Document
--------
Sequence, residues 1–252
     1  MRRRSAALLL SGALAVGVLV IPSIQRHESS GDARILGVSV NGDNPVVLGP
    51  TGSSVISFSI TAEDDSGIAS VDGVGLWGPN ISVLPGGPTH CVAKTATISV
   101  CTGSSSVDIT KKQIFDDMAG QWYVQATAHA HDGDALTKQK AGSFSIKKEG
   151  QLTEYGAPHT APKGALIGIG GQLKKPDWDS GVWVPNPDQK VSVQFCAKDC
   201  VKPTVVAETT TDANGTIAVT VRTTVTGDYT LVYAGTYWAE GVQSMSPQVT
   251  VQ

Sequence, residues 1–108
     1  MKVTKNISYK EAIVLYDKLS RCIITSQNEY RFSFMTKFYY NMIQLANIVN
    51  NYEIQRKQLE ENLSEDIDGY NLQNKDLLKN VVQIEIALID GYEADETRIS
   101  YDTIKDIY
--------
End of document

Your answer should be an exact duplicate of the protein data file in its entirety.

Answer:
Sequence, residues 1–252
     1  MRRRSAALLL SGALAVGVLV IPSIQRHESS GDARILGVSV NGDNPVVLGP
    51  TGSSVISFSI TAEDDSGIAS VDGVGLWGPN ISVLPGGPTH CVAKTATISV
   101  CTGSSSVDIT KKQIFDDMAG QWYVQATAHA HDGDALTKQK AGSFSIKKEG
   151  QLTEYGAPHT APKGALIGIG GQLKKPDWDS GVWVPNPDQK VSVQFCAKDC
   201  VKPTVVAETT TDANGTIAVT VRTTVTGDYT LVYAGTYWAE GVQSMSPQVT
   251  VQ

Sequence, residues 1–108
     1  MKVTKNISYK EAIVLYDKLS RCIITSQNEY RFSFMTKFYY NMIQLANIVN
    51  NYEIQRKQLE ENLSEDIDGY NLQNKDLLKN VVQIEIALID GYEADETRIS
   101  YDTIKDIY